, NAIROBI, Kenya, Mar 20 – The Judicial Service Commission (JSC) has recommended the formation of a tribunal to probe the conduct of Justice Jackton Ojwang of the Supreme Court, after admitting a petition seeking his removal over misconduct, impropriety and conflict of interest.
The recommendation sets the stage for the suspension of Justice Ojwang under Article 168 (5) of the Constitution which requires the President to form the tribunal within 14 days.
“The President shall, within 14 days after receiving the petition, suspend the judge from office and act in accordance with the recommendation of the Judicial Service Commission,” the Article stipulates.
Justice David Maraga who spoke after chairing a JSC meeting on Wednesday said the petition will be relayed to President Uhuru Kenyatta during the course of the day who will then appoint a tribunal as required by law.
“The petition – filed by Nelson Oduor Onyango and eight others – detailed instances which the petitioners believed constituted grounds of misconduct, impropriety, conflict of interest and breach of judicial code of conduct on the part of the Hon Judge,” Maraga stated.
The complainants singled out Justice Ojwang’s involvement in a miscellaneous application 49 of 2014 between the Awendo Town Council and the petitioners “despite being conflicted and being closely associated with the County Government of Migori and the Governor Okoth Obado.”
While admitting the petition, the commission noted Justice Ojwang’s refusal to attend a hearing where he would have been accorded an opportunity to defend himself.
“The full Commission deliberated on the same (committee report) at great length and found that the petition had disclosed sufficient ground to warrant a recommendation to the President to set up a tribunal for the removal of the Justice Prof Jackton B. Ojwang and accordingly adopted it.”
Under Article 168 of the Constitution, judges of superior courts (Supreme Court, Court of Appeal, and High Court) can be removed from office on grounds of mental or physical incapacity, breach of prescribed code of conduct, bankruptcy, incompetence, and gross misconduct.
Article 168 (5) empowers the President to, upon receiving a petition from JSC , appoint a six-member tribunal comprising among others an advocate and two persons with experience in public affairs.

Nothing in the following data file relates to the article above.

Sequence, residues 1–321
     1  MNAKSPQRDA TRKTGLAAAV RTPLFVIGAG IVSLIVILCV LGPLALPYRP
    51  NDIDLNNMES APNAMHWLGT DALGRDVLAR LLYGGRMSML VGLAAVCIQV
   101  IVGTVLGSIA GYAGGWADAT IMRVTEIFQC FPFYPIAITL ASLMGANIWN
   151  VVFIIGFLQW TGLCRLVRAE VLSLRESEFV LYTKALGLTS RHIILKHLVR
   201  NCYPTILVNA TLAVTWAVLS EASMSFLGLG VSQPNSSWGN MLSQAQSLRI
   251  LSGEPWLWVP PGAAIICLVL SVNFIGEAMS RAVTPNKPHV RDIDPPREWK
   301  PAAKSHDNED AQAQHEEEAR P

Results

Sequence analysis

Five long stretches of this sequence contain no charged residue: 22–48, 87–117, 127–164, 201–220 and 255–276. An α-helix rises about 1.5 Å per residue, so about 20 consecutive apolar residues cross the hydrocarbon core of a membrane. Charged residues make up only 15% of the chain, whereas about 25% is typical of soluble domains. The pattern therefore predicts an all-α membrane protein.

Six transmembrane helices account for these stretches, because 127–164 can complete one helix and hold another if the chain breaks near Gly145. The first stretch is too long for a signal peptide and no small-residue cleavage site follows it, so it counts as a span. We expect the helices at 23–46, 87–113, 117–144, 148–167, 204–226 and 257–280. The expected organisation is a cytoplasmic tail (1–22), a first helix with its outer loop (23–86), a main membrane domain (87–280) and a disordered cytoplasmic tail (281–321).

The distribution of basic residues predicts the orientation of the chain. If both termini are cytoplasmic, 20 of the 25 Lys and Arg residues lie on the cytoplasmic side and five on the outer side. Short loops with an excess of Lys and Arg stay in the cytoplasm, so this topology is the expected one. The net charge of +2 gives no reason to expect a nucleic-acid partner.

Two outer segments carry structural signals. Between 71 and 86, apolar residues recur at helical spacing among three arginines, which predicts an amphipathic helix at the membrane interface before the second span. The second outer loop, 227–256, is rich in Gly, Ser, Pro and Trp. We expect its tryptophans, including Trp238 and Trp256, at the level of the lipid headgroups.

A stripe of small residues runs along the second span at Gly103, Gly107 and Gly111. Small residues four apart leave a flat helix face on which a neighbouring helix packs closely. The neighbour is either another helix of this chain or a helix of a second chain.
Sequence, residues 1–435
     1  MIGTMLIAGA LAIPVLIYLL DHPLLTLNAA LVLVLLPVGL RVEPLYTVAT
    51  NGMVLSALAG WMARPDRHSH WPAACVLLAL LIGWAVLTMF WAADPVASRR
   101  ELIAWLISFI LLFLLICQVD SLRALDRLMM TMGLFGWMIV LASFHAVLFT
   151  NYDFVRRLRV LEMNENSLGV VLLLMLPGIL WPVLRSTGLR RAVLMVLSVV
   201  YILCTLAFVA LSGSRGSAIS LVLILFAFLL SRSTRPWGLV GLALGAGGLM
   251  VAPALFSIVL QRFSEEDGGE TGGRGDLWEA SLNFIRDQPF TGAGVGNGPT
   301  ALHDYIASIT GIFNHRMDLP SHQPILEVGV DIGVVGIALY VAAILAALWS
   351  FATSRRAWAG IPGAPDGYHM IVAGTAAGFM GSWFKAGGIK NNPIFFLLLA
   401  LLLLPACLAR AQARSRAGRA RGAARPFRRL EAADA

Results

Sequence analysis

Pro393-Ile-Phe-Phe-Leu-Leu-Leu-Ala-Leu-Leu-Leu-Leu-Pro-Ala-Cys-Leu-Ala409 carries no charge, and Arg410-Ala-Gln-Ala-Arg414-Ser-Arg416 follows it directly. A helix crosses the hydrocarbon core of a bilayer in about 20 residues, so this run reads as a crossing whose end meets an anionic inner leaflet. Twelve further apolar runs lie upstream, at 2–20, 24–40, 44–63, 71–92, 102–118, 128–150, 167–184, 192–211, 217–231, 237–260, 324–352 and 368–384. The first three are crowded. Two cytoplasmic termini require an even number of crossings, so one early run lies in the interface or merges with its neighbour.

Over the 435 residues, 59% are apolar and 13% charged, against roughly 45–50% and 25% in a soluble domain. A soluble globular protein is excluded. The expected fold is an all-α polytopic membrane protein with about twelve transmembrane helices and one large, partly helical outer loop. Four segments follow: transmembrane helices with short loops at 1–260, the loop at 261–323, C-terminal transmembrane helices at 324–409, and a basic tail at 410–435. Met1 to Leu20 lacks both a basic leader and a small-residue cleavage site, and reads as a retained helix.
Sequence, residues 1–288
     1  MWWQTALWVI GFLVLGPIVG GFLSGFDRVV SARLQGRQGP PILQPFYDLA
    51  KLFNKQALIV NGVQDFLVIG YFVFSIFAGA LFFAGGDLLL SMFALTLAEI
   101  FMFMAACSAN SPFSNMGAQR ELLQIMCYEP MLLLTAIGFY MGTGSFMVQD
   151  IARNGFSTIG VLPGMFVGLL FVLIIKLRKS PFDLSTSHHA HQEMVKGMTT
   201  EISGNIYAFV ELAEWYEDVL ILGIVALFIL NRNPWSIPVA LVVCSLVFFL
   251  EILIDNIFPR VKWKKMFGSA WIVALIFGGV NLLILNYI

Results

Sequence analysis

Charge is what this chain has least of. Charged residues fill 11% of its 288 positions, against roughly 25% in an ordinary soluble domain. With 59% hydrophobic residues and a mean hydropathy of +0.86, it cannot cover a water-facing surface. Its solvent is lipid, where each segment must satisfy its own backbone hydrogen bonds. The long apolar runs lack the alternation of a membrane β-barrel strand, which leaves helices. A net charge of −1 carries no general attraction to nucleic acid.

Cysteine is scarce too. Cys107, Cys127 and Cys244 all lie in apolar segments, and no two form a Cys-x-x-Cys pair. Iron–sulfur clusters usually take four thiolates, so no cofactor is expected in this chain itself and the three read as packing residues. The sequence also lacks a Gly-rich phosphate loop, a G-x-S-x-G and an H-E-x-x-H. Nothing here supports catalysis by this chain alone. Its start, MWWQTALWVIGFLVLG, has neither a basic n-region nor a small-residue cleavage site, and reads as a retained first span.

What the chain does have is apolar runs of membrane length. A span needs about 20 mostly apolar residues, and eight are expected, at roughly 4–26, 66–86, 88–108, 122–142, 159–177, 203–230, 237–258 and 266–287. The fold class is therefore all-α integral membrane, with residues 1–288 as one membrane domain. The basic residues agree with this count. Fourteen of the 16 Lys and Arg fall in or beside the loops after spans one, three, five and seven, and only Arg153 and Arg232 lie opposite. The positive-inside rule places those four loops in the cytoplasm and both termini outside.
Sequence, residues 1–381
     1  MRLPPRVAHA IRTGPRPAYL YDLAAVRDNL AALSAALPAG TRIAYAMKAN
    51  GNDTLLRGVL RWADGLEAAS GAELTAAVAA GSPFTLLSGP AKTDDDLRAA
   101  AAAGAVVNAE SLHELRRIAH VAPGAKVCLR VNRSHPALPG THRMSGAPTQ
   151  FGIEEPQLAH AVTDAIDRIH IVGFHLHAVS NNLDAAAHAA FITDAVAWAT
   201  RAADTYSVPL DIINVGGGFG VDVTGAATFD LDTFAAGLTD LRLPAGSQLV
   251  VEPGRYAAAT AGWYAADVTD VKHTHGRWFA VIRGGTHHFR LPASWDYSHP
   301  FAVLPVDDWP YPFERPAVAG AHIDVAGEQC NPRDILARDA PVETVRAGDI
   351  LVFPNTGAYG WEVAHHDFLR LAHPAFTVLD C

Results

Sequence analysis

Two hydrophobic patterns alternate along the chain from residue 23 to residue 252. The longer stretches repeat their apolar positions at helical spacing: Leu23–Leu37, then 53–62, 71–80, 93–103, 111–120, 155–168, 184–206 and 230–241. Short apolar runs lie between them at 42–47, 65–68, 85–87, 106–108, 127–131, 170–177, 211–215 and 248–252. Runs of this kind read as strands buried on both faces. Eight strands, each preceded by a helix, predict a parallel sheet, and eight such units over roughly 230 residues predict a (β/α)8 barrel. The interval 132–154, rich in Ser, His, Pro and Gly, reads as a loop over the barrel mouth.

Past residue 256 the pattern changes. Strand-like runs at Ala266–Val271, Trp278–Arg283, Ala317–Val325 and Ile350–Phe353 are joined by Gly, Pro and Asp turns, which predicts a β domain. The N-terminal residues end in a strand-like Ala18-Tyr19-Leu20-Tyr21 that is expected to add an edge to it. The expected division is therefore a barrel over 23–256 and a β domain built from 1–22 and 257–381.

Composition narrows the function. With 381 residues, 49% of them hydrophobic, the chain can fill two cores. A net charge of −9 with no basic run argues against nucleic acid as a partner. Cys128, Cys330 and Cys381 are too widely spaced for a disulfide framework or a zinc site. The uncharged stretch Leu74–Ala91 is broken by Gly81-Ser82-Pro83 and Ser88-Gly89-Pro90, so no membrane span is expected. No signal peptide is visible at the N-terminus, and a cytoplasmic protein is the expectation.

“The Judicial Service Commission shall consider the petition and if it is satisfied that the petition discloses a ground for removal under clause (1), send the petition to the President,” Article 168 (4) reads.
Justice Ojwang is also listed in another petition alongside Justices Mohammed Ibrahim, Smokin Wanjala, and Njoki Ndung’u which the JSC gave the judges 14 days to respond.
“The commission considered a petition filed by Mohamed Mohamud Sheikh against four Judges of the Supreme Court namely Justice Mohammed Ibrahim, Justice Prof Jackton B. Ojwang, Justice Dr Smokin Wanjala and Lady Justice Njoki Ndung’u for alleged gross misconduct, misbehaviour and incompetence, breach of the Constitution and Oath of Office,” CJ Maraga indicated.
The JSC also gave CJ Maraga a similar time-frame to respond to a petition filed against him by Yussuf Dimbil.
“The commission considered a petition filed by Yussuf Ibrahim Dimbil against the Chief Justice David Maraga for alleged gross violations of the Constitution,” JSC noted in a statement.
Judges suspended under Article 168 (5) are entitled to half the remuneration benefits payable to them pending determination of their fate by tribunal.
“Despite Article 160 (4), the remuneration and benefits payable to a judge who is suspended from office under clause (5) shall be adjusted to one half until such time as the judge is removed from, or reinstated in, office,” Article 168 (6) provides.[cresta-social-share]